This is What Writing a Book Actually Looks Like
“If you can quit, quit. If you can’t, you’re a writer.”
– R.A. Salvatore
By: Elizabeth Carlton
What’s it like to write a book? Whenever I hear this question, I find myself wearing a weary smile. Many writers—especially those new to the trade—romanticize the process. They envision tapping away in the silence of a cozy office, stuffed with books and inspiring trinkets.
“It’s all about creating the perfect sanctuary,” they say. “One that beckons the muse and puts the right words down on paper.”
I can’t vouch for this methodology. My experiences with writing are far less enticing to the observer. I recently wrapped up the synopsis to my third book and started on the draft. This will be my third book over the span of 4 years, most of which have felt like a wrestling match.
To put it into perspective, here is what experience tells me this process will look like.
The Bipolar and Strenuous Path to Writing a Book
Currently, I am at the beginning of a new book draft. The pages are fresh and the first few chapters are down on paper. It’s a new adventure; a new pursuit; and I feel like a literary genius.
In a month, I’ll feel like a bipolar, sleep deprived mess overthinking everything.
In four months, I’ll be debating with my editor whether to throw the whole thing away or try to salvage it.
In six months, I’ll be listing all the reasons why I hate writing.
Then I’ll have a turning point. It’ll feel like I’ve been given new eyes. I’ll start to see the soul of the story peering through the excess text. The details will coalesce into a clear picture and I’ll find it easier to trim out the imperfections.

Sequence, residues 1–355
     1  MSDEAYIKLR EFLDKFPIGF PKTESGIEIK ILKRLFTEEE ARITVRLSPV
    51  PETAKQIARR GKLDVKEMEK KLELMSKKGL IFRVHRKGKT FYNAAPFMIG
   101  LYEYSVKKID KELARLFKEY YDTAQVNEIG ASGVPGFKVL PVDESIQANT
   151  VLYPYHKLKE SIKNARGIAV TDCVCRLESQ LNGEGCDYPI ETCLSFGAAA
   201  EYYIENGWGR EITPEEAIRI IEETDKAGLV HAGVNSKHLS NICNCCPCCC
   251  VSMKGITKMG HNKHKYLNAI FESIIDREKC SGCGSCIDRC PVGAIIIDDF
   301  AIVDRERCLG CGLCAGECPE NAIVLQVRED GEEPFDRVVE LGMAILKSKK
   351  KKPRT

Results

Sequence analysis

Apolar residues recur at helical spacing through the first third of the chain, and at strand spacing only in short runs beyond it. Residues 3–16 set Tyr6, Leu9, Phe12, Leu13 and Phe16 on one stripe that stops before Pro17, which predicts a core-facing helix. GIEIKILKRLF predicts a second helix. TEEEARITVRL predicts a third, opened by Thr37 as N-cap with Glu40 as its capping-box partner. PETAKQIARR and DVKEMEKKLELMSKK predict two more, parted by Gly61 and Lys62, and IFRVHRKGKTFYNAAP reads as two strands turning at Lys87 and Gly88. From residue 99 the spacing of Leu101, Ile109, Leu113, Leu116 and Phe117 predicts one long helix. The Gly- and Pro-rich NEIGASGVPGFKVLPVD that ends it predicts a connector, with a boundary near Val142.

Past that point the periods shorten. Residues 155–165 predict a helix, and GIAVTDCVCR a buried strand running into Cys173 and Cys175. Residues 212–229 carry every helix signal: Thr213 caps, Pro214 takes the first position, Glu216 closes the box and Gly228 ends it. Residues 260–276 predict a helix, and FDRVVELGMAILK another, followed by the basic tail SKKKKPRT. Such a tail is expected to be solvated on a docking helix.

In 12 months, I’ll have another book ready or almost ready for publishing. Like the act of childbirth, my mind will deceptively suppress the agony it took to create this piece of literature.
I’ll receive a proof of the book, and it’ll make me believe that all of this insanity is worth it.
This is, of course, assuming that I don’t run into major conflicts that require me to scrap my original draft and start from scratch. If such is the case, I will find myself starting this entire process from the beginning.
The Silver Lining
Let me add a disclaimer and say that I’m not writing this to discourage anyone. I have always given a loud “huzzah” to RA Salvatore’s advice: “If you can quit, quit. If you can’t, you’re a writer.” But it isn’t because I don’t think being a writer is worthwhile.
It’s just honesty. Creating worlds, characters, and adventures from scratch is a masochistic labor of imagination and frustration, and you will both love and hate the entire journey.
If you’re an aspiring writer, know and expect the journey above to become your own. Anticipate it and let it encourage you when you encounter these hurdles (and you will) by knowing it’s just part of the creation process. If you want it bad enough, you will keep writing because a memorable body of work doesn’t come together painlessly or easily. It’s a grueling process.
Those who succeed are the ones who don’t set the pen down when the task gets hard. They obsess over how to make it work, their mind rolling over scenes and solutions both day and night as they translate the story in their mind into a tangible form.
You do it because you can’t help it. The story is there and it begs to be told.
After all… you’re a writer.